Film Fetish Friday: Sleeping Beauty, La Délicatesse, Le Fils de l'Autre

Film Fetish Friday: Sleeping Beauty, La Délicatesse, Le Fils de l’Autre

Jul 13, 2012 |  by  |  Art, Event
About the author
As a freelance journalist, Anouk (26) usually writes about what other people do or like. In her precious spare time she watches arthouse films. Not a few. A lot, thanks to her trusted Cineville pass. Here she can finally share her film-fetish with the world.

To watch or not to watch? I will tour around Amsterdam’s cinemas and answer this crucial question every Friday. Without mercy, of course. Sucky movies will be slaughtered, cinematographic pearls will be appreciated as such. Or the other way around. After all, good taste is in the eye of the beholder.

Sleeping Beauty

Don’t let the title fool you. This film has nothing to do with the well known fairy tale. Debuting director Julia Leigh made a rather dark and very uncomfortable film about student Lucy (Emily Browning) who starts to work as a ‘sleeping beauty’. Her (well paid) job? She takes a drug that makes her sleep and while she’s sleeping, men can do with her whatever they like. Everything is allowed, except penetration.

Why Lucy makes this kind of choice is not clear. But in the beginning of the film we already see her being very apathetic about sex. For example, she asks a total stranger if he would like to have a blowjob. And if two guys flip a coin about who can have sex with her, Lucy doens’t seem to care at all. Who is this girl? Unfortunately, Leigh leaves the question unanswered.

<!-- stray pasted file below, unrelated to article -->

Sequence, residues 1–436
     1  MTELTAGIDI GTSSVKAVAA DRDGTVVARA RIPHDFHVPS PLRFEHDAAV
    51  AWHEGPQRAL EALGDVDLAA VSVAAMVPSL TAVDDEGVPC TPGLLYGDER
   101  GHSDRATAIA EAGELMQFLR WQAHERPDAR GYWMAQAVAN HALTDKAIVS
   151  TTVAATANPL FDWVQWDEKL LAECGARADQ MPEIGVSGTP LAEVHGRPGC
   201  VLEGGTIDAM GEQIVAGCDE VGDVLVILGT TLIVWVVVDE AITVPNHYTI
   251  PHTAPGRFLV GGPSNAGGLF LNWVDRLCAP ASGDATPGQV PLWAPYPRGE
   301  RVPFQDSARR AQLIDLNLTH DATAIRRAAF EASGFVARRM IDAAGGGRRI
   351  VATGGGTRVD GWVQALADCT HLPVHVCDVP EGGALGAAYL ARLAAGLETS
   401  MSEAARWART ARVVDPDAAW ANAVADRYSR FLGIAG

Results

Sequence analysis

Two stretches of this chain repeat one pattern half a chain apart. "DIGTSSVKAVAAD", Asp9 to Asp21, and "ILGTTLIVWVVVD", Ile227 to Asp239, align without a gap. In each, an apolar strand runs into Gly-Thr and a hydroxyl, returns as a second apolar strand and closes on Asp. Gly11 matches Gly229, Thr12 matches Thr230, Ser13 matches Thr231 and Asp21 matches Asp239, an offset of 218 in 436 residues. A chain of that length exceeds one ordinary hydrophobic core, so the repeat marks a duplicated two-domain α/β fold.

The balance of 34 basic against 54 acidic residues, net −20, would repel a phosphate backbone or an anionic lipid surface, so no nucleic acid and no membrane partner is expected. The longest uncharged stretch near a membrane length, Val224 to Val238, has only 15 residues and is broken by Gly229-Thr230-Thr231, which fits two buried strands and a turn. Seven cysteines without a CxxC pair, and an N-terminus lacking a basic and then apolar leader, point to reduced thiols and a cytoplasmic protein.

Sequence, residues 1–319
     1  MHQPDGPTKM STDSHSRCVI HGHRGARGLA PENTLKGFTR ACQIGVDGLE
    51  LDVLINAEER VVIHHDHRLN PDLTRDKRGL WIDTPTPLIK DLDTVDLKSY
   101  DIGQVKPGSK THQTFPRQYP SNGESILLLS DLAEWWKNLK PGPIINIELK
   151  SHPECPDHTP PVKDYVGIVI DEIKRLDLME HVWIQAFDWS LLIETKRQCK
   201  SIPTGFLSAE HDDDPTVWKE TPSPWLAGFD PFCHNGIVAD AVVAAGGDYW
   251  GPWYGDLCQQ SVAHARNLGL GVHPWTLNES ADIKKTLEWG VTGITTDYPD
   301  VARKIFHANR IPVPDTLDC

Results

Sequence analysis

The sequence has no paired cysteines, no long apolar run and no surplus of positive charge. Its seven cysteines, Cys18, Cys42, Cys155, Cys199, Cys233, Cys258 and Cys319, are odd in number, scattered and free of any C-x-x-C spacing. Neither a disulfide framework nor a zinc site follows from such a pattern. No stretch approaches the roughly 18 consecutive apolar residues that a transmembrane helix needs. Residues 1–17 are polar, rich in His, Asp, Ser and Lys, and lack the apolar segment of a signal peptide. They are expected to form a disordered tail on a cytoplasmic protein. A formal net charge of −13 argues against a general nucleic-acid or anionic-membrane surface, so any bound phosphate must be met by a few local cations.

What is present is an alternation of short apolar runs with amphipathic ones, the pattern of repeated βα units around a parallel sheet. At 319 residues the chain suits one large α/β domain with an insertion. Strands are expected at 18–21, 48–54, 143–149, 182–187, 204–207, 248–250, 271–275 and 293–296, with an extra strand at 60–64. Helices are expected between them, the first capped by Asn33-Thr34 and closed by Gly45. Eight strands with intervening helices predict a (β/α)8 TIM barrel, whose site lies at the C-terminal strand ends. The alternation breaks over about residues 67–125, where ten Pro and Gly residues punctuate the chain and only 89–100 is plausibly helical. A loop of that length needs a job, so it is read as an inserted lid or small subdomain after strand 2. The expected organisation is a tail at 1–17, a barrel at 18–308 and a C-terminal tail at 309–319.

Watch this film in Cineville‘s The Movies.

La Délicatesse

I didn’t quite know what to expect. With the French you never know, they can be very dramatic from time to time. La Délicatesse could have been an arthouse tearjerker, because the beautiful Nathalie (Audrey Tautou) loses her husband at a young age.

Of course, life goes on and Nathalie gets back on her feet. But then she meets Markus, a guy from work. Markus (François Damiens) is the opposite of her husband: badly dressed, unattractive, clumsy, lonesome. Despite all of those things, Nathalie starts having feelings for him. Her handsome boss doesn’t like this, since he always had a crush on her.

La Délicatesse isn’t a tearjerker in the very least. It’s a light comedy that will warm your heart. Just one thing: the film was a bit too long. Keep this in the back of your head and it won’t bother you. Oh, one other thing: Tautou got way too skinny. It fitted her part in this film, though.

Watch this film in Cineville‘s Cinecenter. Also in Pathé (Tuschinski and City).

Le Fils de l’Autre

I saw the trailer of this film a couple of times and there was one particular thing I really didn’t get. The story is set in Israel and the West Bank. After an attack in the city of Haifa 18 years ago, two baby boys (Joseph and Yacine) are accidentally switched. Joseph isn’t an Israeli Jew at all, he is Palestinian. Yacine, who grew up in the West Bank, is the child of Israeli parents instead. Now the thing I didn’t get from the trailer: everybody speaks French. Why make a French film about this theme, if there are plenty of talented Israeli and Palestinian actors? This can only have a negative impact on the reliability of the film. I’ll watch it anyway. Simply because Le Fils de l’Autre is about the interesting matter of ‘identity’. Who are we? Our education, our upbringing or our biology?

Watch this film in Cineville‘s Rialto.

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